Environmental advocates concerned about the presence of E.coli in Boulder Creek are renewing the call for greater attention to the issue, and this time their focus is aimed more directly at the University of Colorado Boulder.

Art Hirsch, a retired environmental engineer, self-described watershed advocate and member of the group Boulder Waterkeeper, has sent CU Boulder officials, including Chancellor Phil DiStefano, a complaint by certified mail concerning what Hirsch alleges are “illicit discharges” entering the creek from the university’s storm sewer system.

Cliff Grassmick/Staff Photographer

A discharge point of drainage from the University of Colorado Boulder campus near the Folsom Street bridge and the Boulder Creek path.

“Boulder Waterkeeper expects that CU will take this complaint and observations seriously. We expect that the sources of these illicit discharges will be investigated and mitigation efforts initiated immediately to stop continued discharges of E.coli from entering Boulder Creek,” the letter, signed by Hirsch, states.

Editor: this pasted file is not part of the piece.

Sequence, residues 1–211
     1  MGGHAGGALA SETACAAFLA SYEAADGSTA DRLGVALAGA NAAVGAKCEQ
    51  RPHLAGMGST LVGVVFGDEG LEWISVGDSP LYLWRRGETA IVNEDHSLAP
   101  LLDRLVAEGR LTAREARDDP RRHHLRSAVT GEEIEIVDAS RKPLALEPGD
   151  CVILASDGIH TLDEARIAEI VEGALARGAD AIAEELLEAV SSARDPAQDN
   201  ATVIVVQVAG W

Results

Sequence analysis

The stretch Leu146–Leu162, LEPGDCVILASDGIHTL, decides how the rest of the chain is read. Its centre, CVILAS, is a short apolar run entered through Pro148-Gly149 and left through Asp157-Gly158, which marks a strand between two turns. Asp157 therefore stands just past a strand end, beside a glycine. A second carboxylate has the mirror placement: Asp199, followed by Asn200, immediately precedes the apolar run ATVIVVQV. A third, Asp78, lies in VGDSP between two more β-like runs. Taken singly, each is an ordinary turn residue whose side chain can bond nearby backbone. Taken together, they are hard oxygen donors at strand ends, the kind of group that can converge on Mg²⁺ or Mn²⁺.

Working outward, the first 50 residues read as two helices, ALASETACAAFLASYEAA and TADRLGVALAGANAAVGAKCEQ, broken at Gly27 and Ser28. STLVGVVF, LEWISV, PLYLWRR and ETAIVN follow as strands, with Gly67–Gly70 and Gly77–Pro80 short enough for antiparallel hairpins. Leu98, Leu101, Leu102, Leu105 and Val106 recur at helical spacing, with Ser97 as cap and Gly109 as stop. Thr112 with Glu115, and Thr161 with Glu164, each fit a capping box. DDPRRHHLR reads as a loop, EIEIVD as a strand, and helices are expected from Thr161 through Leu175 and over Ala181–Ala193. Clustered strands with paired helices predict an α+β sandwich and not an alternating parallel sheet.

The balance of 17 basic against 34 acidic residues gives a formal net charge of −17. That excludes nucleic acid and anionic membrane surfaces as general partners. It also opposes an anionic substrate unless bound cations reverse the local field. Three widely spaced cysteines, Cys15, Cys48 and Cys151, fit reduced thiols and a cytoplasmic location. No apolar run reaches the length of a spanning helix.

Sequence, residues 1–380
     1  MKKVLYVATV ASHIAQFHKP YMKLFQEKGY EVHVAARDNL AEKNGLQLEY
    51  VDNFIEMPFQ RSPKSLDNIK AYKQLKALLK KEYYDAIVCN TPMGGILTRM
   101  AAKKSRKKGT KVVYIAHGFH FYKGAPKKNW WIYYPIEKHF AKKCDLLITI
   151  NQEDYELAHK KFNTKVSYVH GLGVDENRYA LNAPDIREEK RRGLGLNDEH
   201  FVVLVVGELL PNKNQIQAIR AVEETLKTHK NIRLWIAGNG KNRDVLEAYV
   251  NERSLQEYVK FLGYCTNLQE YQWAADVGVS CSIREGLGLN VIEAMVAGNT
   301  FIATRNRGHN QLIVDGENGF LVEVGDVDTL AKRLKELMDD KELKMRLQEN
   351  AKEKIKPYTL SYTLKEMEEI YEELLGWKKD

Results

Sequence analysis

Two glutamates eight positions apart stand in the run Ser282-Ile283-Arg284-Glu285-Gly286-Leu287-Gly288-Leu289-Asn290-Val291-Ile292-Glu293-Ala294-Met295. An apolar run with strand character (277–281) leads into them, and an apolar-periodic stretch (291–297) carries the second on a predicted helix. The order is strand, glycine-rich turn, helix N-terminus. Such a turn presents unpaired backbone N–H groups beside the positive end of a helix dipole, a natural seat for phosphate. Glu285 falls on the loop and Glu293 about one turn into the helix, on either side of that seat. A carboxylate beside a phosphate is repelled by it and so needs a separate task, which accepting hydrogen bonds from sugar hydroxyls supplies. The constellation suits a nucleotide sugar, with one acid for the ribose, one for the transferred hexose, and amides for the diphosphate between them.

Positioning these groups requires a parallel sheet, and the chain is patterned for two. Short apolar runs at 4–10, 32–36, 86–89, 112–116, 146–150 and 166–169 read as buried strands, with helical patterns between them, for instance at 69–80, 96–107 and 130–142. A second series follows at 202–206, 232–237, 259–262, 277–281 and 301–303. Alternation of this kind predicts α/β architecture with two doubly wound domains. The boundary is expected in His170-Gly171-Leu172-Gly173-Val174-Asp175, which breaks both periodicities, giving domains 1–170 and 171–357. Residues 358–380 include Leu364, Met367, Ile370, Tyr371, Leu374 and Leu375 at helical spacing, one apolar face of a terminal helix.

E.coli is a bacterial marker for fecal pollution, which lives in the intestines of humans, wildlife, cattle and dogs — but it is not always harmful to humans. However, one strand, known as 0157:H7, can cause abdominal cramps, diarrhea, vomiting and even life-threatening conditions.

The portion of Boulder Creek that qualifies as impaired, according to Boulder Waterkeeper, runs from 13th street on the west to the confluence with South Boulder Creek near 61st Street on the east, and Hirsch’s letter, dated Wednesday, focuses largely on what is known as outfall C, a CU stormwater discharge point shared by CU Boulder and the city of Boulder just west of the Folsom Avenue bridge.

Although the outfall C location is shared by the university and the city, Hirsch’s group pins responsibility for the discharges there primarily on CU Boulder, because it is on the university’s property, on the creek’s south bank.

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